India said that while it was inclined to go along with the draft decision, it was of the view that there was a third scenario that had not been included in the decision i. e. if there is "partial agreement" by the second SCCR, the basis of discussion would be the Revised Draft Basic Proposal SCCR 15/2 as amended to the extent agreed to by Members during the SCCR meetings.

India was referring to the inclusion in the draft decision the sentences "The Diplomatic Conference will be convened if such agreement is achieved" (the first scenario, proposed by the US) and "If no such agreement is achieved, all further discussions will be based on Document SCCR 15/2" (the second scenario, proposed by Brazil).

Outside the meeting, an Indian delegate explained that the third scenario i.e. that of "partial agreement", would likely emerge in the second SCCR meeting and that it is why it wanted to place its statement on the record.

However, some delegations would like certainty that if no agreement is reached, discussions will be based on "Document SCCR 15/2", because that document contains all the alternative proposals proposed by developing countries.

This outcome was only achieved after many meetings. There is some worry that in the process of the SCCR discussions (after the GA), several of these proposals will be dropped off and that if there is no agreement, then discussions could continue on the basis of a text that does not contain these alternative proposals.

Some delegations also indicated privately that the fact that the GA decided on 19 Nov-7 Dec 2007 as the new dates for the diplomatic conference would give delegations an opportunity to raise issues pertaining to the convening of the conference, if needed, at the 2007 General Assembly (usually held in September).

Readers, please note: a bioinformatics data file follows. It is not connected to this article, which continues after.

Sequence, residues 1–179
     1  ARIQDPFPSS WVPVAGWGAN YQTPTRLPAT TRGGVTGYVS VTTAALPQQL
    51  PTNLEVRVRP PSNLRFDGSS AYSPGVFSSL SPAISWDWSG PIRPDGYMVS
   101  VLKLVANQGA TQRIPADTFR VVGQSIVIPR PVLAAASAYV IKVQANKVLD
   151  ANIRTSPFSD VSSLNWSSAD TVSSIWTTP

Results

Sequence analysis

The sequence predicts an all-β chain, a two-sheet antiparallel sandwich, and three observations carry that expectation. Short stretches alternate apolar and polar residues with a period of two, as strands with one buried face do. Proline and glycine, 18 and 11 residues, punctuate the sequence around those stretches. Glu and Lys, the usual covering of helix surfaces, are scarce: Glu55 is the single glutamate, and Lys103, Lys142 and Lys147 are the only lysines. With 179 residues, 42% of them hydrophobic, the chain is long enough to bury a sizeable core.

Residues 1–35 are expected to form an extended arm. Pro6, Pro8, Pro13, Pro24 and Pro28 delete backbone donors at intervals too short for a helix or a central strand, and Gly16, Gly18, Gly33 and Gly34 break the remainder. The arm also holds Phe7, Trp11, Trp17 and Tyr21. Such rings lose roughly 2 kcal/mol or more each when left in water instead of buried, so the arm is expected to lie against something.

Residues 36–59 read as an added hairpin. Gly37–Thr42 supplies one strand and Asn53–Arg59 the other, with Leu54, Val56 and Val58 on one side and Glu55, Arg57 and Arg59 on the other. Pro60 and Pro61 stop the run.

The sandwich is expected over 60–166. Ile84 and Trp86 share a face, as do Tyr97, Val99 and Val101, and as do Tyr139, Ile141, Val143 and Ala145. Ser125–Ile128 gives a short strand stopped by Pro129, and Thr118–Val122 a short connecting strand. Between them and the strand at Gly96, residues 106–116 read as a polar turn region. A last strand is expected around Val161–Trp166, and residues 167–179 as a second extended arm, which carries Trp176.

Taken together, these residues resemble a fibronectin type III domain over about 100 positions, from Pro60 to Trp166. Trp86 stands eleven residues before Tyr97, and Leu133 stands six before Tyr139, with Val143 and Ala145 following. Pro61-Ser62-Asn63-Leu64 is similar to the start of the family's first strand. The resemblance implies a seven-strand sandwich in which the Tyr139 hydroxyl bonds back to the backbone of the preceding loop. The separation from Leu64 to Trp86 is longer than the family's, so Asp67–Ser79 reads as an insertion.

This opportunity is important to some delegations as they fear that even if there is little agreement on the draft text by the second SCCR, there will nevertheless be attempts to push forward for a diplomatic conference.

This is what many delegations and observers say happened at the last SCCR meeting held in early September. At that meeting, despite the views expressed by several member states that it was premature to convene the diplomatic conference, the Chair of the SCCR, Jukka Liedes of Finland, steamrolled over these objections and pushed for a recommendation from the SCCR to convene a diplomatic conference.

The GA decision also addresses several concerns raised by developing countries in previous SCCR meetings. In response to concerns that the current draft text SCCR/15/2 contains provisions that goes beyond just dealing with the problem of signal, piracy, the decision specifies clearly that the sessions of the SCCR "should aim to agree and finalise" a text that takes a "signal-based approach".

In addition, on several occasions in the past, the problem of lack of clarity or consensus on what are the objectives, specific scope and object of protection of the proposed treaty have been raised. In this regard the draft text tasks the SCCR sessions next year to agree on these important issues, before the diplomatic conference can be convened.